Nuclear Blast Records
FFO: Haggard, Hollenthon, Lori Lewis
It has been an enigmatic 30 years for Therion, the Swedes have evolved from their death metal roots and into one of the globes premier symphonic metal bands. Throughout their career, Therion have delivered a mixed bag of albums ranging from the sublime to the lacklustre, culminating in 2018’s monstrously long ‘Beloved Antichrist’ that divides fans to this day. Yet Therion have always been undeterred by such scrutiny and have delivered ‘Leviathan’, their latest studio album.
For ‘Leviathan’, Therion continue to paint elaborate symphonic canvas’; this is a band that know just how musically talented they are. In fact, Therion are so talented, they do not even have to try, delivering virtuoso pieces that would heavily tax the common musician. In typical Therion form though, the musicality of ‘Leviathan’ is not immediately rammed down the listener’s throat, instead, it is much more nuanced and subtle with guitar parts that drive forward with a classic metal sound that would make Glenn Tipton and K.K. Downing sit back and think: “is this us?”. Tracks such as ‘The Leaf on the Oak of Far’ show that even with a symphonic edge, this band still has some bite; but let’s face it, it is these symphonic elements which are the real reason any modern fan of Therion is there and it during these where ‘Levithan’ truly shines. The grandiose majesty which goes into ‘Tuonela’, ‘Great Marquis of Hell’ and ‘Psalm of Retribution’ push this album forward, but it is the closing track ‘Ten Courts of Diyu’ with its far-eastern tones making the finale of ‘Leviathan’ more than worth it.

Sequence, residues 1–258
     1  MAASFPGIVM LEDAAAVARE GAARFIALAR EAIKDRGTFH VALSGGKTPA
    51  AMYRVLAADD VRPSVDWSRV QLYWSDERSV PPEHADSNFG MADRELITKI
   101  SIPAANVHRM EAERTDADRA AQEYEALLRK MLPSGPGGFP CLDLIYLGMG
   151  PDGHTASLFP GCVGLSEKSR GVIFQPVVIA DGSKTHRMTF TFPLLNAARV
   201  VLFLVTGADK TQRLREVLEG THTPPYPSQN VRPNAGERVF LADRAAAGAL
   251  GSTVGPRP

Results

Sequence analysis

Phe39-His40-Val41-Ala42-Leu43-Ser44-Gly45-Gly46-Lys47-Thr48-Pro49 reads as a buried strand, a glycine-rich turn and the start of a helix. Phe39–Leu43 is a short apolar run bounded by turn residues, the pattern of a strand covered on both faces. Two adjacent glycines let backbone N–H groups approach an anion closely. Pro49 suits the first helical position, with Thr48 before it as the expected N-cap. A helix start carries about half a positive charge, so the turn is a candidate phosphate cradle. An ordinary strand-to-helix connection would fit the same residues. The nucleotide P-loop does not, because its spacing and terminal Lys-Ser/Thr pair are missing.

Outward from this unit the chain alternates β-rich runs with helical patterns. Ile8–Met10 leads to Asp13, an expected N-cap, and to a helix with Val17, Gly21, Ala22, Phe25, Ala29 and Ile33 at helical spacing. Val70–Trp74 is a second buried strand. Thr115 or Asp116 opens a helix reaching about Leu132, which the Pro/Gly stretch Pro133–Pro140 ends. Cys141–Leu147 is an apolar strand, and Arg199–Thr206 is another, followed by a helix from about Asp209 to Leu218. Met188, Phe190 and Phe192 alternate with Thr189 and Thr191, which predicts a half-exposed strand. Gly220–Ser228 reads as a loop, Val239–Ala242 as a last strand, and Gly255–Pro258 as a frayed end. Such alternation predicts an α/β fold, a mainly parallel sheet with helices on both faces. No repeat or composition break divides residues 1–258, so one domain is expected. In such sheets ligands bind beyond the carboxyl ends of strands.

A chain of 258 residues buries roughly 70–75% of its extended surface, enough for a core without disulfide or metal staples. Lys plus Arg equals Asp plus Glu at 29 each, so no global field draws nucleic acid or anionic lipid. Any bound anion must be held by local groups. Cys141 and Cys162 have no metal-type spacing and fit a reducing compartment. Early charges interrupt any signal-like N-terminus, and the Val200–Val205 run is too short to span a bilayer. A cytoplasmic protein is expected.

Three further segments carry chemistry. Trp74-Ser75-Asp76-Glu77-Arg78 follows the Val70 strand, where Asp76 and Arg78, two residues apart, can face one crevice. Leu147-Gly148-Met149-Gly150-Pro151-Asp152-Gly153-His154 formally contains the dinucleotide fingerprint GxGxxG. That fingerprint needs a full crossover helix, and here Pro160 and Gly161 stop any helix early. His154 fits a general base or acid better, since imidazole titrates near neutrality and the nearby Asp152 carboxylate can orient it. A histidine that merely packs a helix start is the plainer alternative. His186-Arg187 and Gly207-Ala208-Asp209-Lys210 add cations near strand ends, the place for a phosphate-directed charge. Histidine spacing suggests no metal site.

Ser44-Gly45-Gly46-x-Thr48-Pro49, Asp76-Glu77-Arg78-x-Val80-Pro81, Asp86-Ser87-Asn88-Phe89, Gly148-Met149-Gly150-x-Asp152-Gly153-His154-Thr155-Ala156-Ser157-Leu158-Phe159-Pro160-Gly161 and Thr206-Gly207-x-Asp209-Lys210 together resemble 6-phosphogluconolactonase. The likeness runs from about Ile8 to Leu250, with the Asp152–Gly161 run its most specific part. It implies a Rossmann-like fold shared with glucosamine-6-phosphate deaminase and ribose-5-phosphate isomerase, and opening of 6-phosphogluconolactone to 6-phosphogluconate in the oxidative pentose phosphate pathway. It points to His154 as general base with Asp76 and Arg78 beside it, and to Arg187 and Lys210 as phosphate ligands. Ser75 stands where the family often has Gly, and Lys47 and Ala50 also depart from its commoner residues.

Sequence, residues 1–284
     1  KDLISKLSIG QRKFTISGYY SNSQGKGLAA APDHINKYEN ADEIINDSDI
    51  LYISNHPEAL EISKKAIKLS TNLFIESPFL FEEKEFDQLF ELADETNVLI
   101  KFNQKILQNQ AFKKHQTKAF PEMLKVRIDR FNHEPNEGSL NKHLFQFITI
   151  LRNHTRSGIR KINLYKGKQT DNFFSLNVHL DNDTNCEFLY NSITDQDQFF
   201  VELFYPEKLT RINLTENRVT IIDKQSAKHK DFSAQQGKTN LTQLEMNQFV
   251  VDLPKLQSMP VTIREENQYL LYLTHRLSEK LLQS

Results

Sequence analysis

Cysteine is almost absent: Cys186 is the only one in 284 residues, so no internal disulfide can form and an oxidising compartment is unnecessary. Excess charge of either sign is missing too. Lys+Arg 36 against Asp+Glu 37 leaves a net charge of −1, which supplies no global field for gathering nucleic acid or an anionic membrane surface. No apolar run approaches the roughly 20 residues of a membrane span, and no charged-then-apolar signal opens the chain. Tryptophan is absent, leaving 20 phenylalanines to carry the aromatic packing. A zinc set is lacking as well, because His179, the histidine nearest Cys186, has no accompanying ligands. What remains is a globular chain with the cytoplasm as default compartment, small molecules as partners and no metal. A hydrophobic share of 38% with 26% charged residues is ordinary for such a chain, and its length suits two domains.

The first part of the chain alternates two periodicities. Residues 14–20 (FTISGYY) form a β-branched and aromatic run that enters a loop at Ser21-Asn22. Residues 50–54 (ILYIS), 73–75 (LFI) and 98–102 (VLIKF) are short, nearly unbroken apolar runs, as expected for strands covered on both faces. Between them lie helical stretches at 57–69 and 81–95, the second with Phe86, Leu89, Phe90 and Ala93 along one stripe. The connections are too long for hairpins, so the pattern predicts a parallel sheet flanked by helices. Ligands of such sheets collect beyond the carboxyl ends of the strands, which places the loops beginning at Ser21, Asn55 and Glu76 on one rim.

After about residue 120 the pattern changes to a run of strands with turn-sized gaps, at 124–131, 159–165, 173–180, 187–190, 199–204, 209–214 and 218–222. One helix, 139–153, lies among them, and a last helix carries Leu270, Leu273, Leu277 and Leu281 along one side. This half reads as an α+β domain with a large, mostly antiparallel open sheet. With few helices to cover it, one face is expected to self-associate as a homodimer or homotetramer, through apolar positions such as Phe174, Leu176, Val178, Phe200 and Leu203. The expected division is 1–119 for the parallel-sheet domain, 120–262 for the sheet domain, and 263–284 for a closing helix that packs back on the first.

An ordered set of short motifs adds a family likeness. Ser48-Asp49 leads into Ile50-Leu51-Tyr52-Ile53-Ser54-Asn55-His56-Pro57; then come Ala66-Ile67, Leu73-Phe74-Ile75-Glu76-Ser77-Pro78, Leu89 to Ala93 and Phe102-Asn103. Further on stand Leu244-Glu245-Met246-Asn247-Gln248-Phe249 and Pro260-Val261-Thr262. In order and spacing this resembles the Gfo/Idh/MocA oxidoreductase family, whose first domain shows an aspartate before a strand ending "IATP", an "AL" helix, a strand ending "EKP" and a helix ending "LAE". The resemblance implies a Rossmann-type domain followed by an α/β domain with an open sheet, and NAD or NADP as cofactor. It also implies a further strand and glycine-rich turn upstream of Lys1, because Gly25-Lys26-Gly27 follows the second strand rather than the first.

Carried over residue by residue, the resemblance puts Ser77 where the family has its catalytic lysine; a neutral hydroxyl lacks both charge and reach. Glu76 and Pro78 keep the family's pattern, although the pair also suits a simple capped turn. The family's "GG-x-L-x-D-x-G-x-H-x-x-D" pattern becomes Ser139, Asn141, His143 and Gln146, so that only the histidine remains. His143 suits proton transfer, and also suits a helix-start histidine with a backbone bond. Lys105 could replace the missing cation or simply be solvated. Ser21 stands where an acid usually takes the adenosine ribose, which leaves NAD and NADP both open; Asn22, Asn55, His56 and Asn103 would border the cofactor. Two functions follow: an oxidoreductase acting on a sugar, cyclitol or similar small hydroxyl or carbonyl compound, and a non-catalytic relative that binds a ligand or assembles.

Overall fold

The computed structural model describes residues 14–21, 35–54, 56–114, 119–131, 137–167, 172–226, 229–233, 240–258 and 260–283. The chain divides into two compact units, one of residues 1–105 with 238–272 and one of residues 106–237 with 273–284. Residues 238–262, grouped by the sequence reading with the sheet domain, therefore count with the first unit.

However, if you are looking for Therion of old, then it won’t be found here. But what can be found is a band that has matured gracefully with age, playing music which inspires them in a sweet and concise album that says everything it needs to within its 45 minutes without expanding over 3 CD’s. There is a legion of fans who adore modern Therion and they will undoubtedly love this latest offering.